An insuranceman and in Victoria’s words “a frustrated performer” Stan dabbled in politics, wrote songs, plays, novels, a musical and even scripts for Coronation Street.
“Ours was a very disjointed family,” says Chris. “They thought if they fed, clothed us and gave us a good education that was that. They were both out a lot, mother was a solitary, dark, standoffish person, not a caring mother. We were left to our own devices. I loved it but Vic felt neglected. She would play her piano to herself and bow to an imaginary audience.”
He doesn’t argue with Victoria’s claim that there was never praise in the house but adds: “In his diary Stan said how proud of her he was. He wrote about her helping him with songs; he’d pay her a penny a bar for transcribing band parts. They just expected us to be good and wanted all four of us to be famous. I don’t think she gave sufficient credit to Stan for encouraging her in her early days. She was very close to him.”
Chris also recalls Victoria’s lifechanging visit to see Joyce Grenfell aged eight with her mother and sisters.
“It was the first time she realised a woman on stage could command an audience. Mum took the older girls backstage leaving Vic behind but when they told Grenfell they had another sister she came out to chat to Victoria. She never forgot that and always gave time to her fans.”
It was first at youth theatre, then studying drama at university, that Wood gained the confidence to perform. She won talent contest New Faces in 1973 before becoming Britain’s favourite female comedian with hits such as Wood and Walters As Seen on TV, and Dinnerladies.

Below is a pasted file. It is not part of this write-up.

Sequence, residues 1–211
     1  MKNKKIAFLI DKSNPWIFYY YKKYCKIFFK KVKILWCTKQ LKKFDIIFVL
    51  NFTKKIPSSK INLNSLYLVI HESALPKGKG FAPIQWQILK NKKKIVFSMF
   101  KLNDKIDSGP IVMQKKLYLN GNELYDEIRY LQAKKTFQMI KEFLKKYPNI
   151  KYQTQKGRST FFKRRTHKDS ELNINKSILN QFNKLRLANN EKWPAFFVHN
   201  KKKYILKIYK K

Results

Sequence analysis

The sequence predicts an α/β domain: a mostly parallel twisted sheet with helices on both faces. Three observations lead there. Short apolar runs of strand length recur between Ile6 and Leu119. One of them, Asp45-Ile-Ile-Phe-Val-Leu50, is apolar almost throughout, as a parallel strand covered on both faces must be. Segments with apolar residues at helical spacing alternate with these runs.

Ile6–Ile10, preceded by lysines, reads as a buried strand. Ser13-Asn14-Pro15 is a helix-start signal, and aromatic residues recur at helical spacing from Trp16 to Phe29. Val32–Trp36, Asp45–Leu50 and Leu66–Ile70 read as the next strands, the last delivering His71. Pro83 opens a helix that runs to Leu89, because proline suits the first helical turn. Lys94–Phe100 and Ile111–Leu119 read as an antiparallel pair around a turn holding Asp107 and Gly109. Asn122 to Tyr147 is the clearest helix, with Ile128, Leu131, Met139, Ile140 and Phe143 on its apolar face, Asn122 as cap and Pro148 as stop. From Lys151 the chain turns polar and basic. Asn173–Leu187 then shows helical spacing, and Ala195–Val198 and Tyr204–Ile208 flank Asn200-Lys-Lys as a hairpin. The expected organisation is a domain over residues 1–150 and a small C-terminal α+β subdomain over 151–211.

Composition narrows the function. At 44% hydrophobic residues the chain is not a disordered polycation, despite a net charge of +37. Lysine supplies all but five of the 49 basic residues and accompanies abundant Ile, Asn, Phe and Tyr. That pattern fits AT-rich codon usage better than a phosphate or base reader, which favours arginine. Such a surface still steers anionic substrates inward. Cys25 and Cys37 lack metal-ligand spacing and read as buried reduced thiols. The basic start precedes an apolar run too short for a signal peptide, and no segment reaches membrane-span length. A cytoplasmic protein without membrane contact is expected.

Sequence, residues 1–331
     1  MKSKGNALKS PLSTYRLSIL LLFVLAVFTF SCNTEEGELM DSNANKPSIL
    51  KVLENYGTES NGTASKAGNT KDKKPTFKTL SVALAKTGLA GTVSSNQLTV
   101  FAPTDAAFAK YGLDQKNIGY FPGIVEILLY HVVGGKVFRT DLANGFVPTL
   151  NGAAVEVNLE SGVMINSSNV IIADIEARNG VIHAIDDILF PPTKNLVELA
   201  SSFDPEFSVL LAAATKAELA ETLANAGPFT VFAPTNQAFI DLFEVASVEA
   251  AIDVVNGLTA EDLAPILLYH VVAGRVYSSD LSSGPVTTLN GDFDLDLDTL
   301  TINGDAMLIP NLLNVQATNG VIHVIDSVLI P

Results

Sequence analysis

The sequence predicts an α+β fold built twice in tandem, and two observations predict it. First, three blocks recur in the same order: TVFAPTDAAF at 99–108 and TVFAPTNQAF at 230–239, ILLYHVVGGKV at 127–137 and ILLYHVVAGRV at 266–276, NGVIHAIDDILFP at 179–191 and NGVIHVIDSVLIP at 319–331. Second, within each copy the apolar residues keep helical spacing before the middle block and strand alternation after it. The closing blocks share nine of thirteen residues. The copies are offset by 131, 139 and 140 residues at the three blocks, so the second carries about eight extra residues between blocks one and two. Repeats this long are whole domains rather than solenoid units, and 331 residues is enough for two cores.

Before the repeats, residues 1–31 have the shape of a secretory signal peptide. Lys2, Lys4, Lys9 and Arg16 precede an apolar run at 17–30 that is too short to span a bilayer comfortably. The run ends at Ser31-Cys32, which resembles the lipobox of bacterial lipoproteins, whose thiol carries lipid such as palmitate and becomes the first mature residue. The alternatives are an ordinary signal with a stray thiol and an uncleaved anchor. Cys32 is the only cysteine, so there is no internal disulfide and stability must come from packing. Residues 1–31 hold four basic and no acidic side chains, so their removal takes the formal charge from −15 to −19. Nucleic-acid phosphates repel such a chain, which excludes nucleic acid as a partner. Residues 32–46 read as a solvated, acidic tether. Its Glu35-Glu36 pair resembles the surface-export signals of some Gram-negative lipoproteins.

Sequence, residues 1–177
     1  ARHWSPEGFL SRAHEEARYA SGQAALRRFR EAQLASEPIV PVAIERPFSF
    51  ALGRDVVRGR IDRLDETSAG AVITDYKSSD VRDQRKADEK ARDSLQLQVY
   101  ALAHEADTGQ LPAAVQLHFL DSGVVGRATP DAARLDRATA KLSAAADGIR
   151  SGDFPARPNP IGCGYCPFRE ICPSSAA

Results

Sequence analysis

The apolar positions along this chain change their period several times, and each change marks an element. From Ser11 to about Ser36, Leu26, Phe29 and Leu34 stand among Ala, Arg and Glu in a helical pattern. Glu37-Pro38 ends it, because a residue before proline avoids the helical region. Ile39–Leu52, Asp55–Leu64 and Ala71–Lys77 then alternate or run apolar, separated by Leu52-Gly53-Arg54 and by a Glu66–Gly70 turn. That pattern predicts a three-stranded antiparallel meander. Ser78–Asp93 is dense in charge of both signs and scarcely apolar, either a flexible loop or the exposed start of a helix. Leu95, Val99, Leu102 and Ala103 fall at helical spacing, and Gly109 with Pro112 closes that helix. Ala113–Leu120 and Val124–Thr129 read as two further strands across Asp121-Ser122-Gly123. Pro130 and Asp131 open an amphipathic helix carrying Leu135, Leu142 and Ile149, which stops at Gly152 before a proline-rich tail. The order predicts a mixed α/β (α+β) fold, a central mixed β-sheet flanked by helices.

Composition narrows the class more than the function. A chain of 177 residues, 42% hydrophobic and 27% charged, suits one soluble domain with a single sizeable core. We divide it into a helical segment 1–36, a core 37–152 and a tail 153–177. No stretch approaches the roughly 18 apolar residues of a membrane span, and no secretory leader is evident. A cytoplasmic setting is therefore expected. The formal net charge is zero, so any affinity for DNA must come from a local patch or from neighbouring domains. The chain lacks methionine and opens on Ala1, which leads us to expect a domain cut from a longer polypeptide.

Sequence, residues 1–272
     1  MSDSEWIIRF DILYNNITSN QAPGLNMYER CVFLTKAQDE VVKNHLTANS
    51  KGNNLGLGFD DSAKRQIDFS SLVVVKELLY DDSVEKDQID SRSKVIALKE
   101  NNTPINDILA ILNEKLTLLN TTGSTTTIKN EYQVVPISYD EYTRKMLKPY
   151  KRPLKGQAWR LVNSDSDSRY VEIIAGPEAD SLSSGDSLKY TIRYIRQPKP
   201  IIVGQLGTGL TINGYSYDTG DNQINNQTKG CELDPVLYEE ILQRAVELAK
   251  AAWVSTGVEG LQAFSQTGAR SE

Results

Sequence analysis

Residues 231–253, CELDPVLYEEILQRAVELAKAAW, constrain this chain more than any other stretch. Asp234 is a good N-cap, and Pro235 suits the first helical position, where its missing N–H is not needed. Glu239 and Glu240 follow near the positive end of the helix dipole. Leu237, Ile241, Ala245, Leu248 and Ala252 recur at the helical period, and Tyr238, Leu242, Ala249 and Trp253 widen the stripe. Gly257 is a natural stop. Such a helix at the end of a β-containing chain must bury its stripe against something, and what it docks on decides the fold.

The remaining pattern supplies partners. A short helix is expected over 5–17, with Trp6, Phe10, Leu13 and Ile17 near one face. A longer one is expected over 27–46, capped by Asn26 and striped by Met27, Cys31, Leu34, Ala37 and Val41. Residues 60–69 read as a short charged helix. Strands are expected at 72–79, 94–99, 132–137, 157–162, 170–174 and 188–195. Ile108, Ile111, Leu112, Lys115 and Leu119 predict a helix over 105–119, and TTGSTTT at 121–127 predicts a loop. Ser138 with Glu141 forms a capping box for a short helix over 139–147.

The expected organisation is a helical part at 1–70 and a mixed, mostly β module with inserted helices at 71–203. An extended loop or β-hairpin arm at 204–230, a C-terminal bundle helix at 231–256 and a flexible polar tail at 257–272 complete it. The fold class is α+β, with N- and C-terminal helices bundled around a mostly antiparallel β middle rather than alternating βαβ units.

Chris calls his sister “intense” and describes her focus and perfectionism at work.
“Those difficult years in her bedroom formed her character and gave her a steely determination. She wanted to control everything, do it her way, but above all she wanted to please her public. All performers live for applause, but she was glad to get awards because it confirmed she was pleasing the public and they gave her the clout to do the next job. She used her fame as a weapon.”
In later life, Victoria addressed her sugar addiction. “She became a vegetarian, ate sensibly, she beat that particular demon and wanted to give confidence to girls in the same position. I admire her courage in speaking out.”
He adds: “Vic was not funny all the time, she never told a joke in private, it was me who was always telling the jokes. I am a performer myself with a one man show but nothing like as talented.”
Although Victoria and Durham divorced in 2002 they lived near each other and he was there when she died.
“There was no one else involved and she never had anyone else in her life,” says Chris who is raising £30,000 for a statue of Victoria as her Dinnerladies character in her home town of Bury.
“I am very, very sad, when there are four of you, you don’t expect the youngest to go first, but you have to celebrate her massive legacy that brought such happiness. Today it’s all about being photographed with their idols. I want Vic’s statue to be life size so the fans they can go up and put their arms around her.”